International

omar al-bashir, al bashir, sudan president
Amr Nabil/AP
Sudanese President Omar Al-Bashir attends the closing session of the Arab summit in Doha, Qatar,
Monday, March 30, 2009.

Sudan Agrees to Conflict Prevention as Border Issue Goes to Court

July 18, 2009 08:30 AM
by Liz Colville
A court in The Hague will rule on a border dispute between the rival north and south regions of Sudan next week.

Fighting Ended in 2005, But Tensions Remain

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There are "up to 14 unresolved issues" between the north and south regions of Sudan, according to Malik Aggar, a negotiator and member of the south's former Sudan People's Liberation Movement (SPLM), speaking to the BBC.

A border dispute is just one of them, and according to Aggar, there is "bound to be disappointment from one side or another" over The Hague's Permanent Court for Arbitration decision on the border, to be delivered the week of July 20.

The Hague is handling the demarcation after clashes broke out last year. The southern region of Abyei lies close to oil fields "claimed by both the north and the south," Reuters explains.

U.S. Sudan envoy Scott Gration oversaw a meeting between the two sides this week in the northern capital of Khartoum that aimed to iron out some of the differences outstanding after the 2005 peace agreement. Talks are continuing on July 19 and 20, according to Reuters.

"[B]oth parties are prepared to quell any violence" resulting from the court's ruling, Aggar vowed, with President Omar al-Bashir's National Congress Party spokesperson adding that the two are willing to work together "to prevent renewed conflict," the BBC reports.

But Reuters' report suggests that the two sides "remain divided." Apart from the Abyei borders, other murky issues include "preparations for national elections, a disputed census and a raft of laws seen as central to the peace deal."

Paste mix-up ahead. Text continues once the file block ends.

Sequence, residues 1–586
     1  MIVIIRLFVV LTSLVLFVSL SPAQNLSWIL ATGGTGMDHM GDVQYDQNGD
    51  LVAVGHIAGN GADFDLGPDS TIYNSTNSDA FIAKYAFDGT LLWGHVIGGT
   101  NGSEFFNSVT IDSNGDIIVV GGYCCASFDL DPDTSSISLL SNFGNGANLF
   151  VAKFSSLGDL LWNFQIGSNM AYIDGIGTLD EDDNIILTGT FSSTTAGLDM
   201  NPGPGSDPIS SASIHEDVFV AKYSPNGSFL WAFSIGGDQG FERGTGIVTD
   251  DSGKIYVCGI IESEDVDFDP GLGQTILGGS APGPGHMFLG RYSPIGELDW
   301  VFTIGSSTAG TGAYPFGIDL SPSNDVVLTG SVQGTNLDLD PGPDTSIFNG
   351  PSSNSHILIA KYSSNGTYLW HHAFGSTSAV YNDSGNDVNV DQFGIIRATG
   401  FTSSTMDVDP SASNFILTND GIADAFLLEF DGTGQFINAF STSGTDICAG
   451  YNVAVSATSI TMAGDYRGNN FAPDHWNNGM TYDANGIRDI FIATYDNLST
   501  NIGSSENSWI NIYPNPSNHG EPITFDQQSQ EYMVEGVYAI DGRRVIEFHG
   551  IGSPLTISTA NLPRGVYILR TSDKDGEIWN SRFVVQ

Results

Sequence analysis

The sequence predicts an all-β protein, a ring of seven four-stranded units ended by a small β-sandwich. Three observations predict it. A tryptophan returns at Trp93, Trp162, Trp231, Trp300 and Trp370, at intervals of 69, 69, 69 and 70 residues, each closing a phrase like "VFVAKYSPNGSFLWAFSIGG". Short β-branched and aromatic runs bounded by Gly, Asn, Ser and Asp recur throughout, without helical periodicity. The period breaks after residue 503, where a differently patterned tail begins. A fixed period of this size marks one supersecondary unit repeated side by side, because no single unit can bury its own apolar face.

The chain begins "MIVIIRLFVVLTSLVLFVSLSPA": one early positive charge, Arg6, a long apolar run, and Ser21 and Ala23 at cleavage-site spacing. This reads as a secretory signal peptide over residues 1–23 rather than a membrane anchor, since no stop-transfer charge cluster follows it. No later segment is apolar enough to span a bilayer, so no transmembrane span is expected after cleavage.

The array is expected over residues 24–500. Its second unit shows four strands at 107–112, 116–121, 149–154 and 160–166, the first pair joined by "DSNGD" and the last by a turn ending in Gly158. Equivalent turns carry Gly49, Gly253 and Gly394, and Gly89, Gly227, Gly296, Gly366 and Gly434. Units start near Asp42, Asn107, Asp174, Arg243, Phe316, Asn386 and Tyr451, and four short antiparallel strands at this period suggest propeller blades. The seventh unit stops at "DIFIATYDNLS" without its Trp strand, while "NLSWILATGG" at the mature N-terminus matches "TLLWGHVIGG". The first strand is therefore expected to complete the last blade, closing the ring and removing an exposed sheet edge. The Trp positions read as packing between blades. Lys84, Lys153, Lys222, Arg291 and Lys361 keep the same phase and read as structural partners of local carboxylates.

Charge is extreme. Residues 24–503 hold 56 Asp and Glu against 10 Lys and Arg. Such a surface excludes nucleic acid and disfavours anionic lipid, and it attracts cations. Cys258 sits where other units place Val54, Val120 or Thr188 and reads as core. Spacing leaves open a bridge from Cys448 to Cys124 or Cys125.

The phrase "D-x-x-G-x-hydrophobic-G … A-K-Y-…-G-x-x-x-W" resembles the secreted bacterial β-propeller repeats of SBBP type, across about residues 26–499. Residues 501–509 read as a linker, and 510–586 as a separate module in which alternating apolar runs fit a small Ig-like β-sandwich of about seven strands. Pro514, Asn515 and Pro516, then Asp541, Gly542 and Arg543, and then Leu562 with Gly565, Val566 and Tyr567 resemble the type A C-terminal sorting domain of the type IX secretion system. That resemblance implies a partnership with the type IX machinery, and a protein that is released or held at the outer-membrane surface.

The north-south conflict is said to have claimed 2 million lives and displaced 4 million people between 1983 and 2005, according to Reuters. The Comprehensive Peace Agreement of 2005 allowed for oil revenues to be shared by the north and south. It also "set up a coalition government and promised elections, now scheduled for April 2010, and a referendum on southern independence in January 2011," Reuters adds. The Aegis Trust, a nonprofit group campaigning to prevent crimes against humanity, summarizes the outstanding provisions in the agreement on its Web site.

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Related Topic: Conflict and humanitarian crisis in Darfur

Sudan is Africa's largest country and one of its most diverse, and is the setting of two major conflicts. The conflict and humanitarian crisis in the western region of Darfur, separate from the 22-year north-south dispute, was sparked by clashes between "pro-government Arab militias" and non-Arab groups over natural resources.

The militias "are accused of carrying out a campaign of ethnic cleansing against non-Arab groups," the BBC's country profile on Sudan explains. In 2009, the International Criminal Court in The Hague issued an arrest warrant for President al-Bashir for war crimes and crimes against humanity, the BBC adds, the first ever issued by the ICC for a sitting head of state.

The humanitarian crisis that resulted from this conflict has received widespread attention. It is believed to have claimed the lives of between 200,000 and 300,000 people, and displaced 2.5 million since 2003, according to U.N. statistics.

In March, following the ICC's arrest warrant for al-Bashir, President Barack Obama spoke out about the conflict. After meeting with U.N. Secretary-General Ban Ki-moon, Obama offered U.S. support in working with the United Nations to create a “path for long-term peace and stability in the Sudan," he was quoted as saying in a White House press release.

Earlier in July, the African Union announced it would not be cooperating with the ICC's arrest warrant for al-Bashir, citing concerns that it would interfere with the peace process in Sudan. Following that decision, several South African "organizations and individuals" released a statement pleading with South Africa President Jacob Zuma to retreat from that decision, saying it "represents the most serious challenge to the struggle against impunity and lawlessness on the African continent," Voice of America reported.
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